fbpx
 

HANNAHVILLE INDIAN RESERVATION — Over 2,000 individuals from 11 Potawatomi nations are gathering this week in Michigan’s Upper Peninsula at the Hannahville Indian Reservation, near Escanaba, Mich. for the Potawatomi Gathering 2022.

Hosted by the Hannahville Indian Community, the Potawatomi Gathering resumed after a two-year hiatus because of the COVID-19 pandemic.

Never miss Indian Country’s biggest stories and breaking news. Sign up to get our reporting sent straight to your inbox every weekday morning. 

Earlier in the week, hundreds attended a language conference that was held just prior to the Potawatomi Gathering. On Friday, tribal leaders voted to combine the langauge portion into future Gatherings.

On Friday evening, the Hannahville Indian Community hosted a powwow. Drums from several Potawatomi bands were present and hundreds of Potawatomi dancers were in regalia to the appreciation of the assembled crowd.

Screen_Shot_2022-07-30_at_8.52.49_AM.png

As he offered remarks during the opening of the powwow, Hannahville Indian Community Chairperson Kenneth Meshigaud asked the crowd to observe a moment of silence for those lost to Potawatomi tribal communities during the COVID-19 pandemic.

The Nottawaseppi Huron Band of the Potawatomi, located on the Pine Creek Reservation in Fulton, Mich. will host the Potawatomi Gathering 2023 next summer.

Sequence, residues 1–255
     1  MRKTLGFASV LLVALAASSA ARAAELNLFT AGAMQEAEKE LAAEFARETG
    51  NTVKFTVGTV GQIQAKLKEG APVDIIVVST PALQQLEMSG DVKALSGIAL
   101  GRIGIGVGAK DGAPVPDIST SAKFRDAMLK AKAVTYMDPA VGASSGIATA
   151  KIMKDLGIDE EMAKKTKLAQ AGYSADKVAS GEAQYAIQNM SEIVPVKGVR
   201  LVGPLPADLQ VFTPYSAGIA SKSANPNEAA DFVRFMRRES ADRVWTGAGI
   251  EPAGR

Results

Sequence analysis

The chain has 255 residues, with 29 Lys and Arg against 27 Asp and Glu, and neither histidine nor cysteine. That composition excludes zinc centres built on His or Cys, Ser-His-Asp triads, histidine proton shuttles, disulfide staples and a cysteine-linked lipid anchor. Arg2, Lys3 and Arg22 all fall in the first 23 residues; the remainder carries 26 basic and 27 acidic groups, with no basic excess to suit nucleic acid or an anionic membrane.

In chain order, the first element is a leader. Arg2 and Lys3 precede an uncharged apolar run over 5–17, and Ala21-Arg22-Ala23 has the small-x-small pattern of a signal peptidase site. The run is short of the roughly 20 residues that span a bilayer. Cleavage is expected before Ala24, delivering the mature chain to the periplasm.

More Stories Like This

Michigan Governor Appoints 1st Native Citizen to Court of Appeals
Michigan Governor Meets with State's Tribes
  Tribal Business News Round-Up: Dec. 05
Manitoba Man Charged with Killing 3 More Indigenous Women, House of Commons Rejects State of Emergency Request
SEEN & HEARD at the White House Tribal Nations Summit

Do you appreciate a Native perspective on the news? 

For the past decade-plus, we’ve covered the important Indigenous stories that are often overlooked by other media. From the protests at Standing Rock and the toppling of colonizer statues during the racial equity protests, to the ongoing epidemic of Murdered and Missing Indigenous Women (MMIW) and the past-due reckoning related to assimilation, cultural genocide and Indian Boarding Schools, we have been there to provide a Native perspective and elevate Native voices.

Our news is free for everyone to read, but it is not free to produce. That’s why we’re asking you to make a donation this month to help support our efforts. Any contribution — big or small — helps us remain a force for change in Indian Country and continue telling the stories that are so often ignored, erased or overlooked.  Most often, our donors make a one-time gift of $25 or more, while many choose to make a recurring monthly donation of $5 or $10.  Whatever you can do, it helps fund our Indigenous-led newsroom and our ability to cover Native news. 

Donate to Native News Online today and support independent Indigenous journalism. Thank you. 

About The Author
Levi Rickert
Author: Levi RickertEmail: This email address is being protected from spambots. You need JavaScript enabled to view it.
Levi Rickert (Prairie Band Potawatomi Nation) is the founder, publisher and editor of Native News Online. Rickert was awarded Best Column 2021 Native Media Award for the print/online category by the Native American Journalists Association. He serves on the advisory board of the Multicultural Media Correspondents Association. He can be reached at [email protected]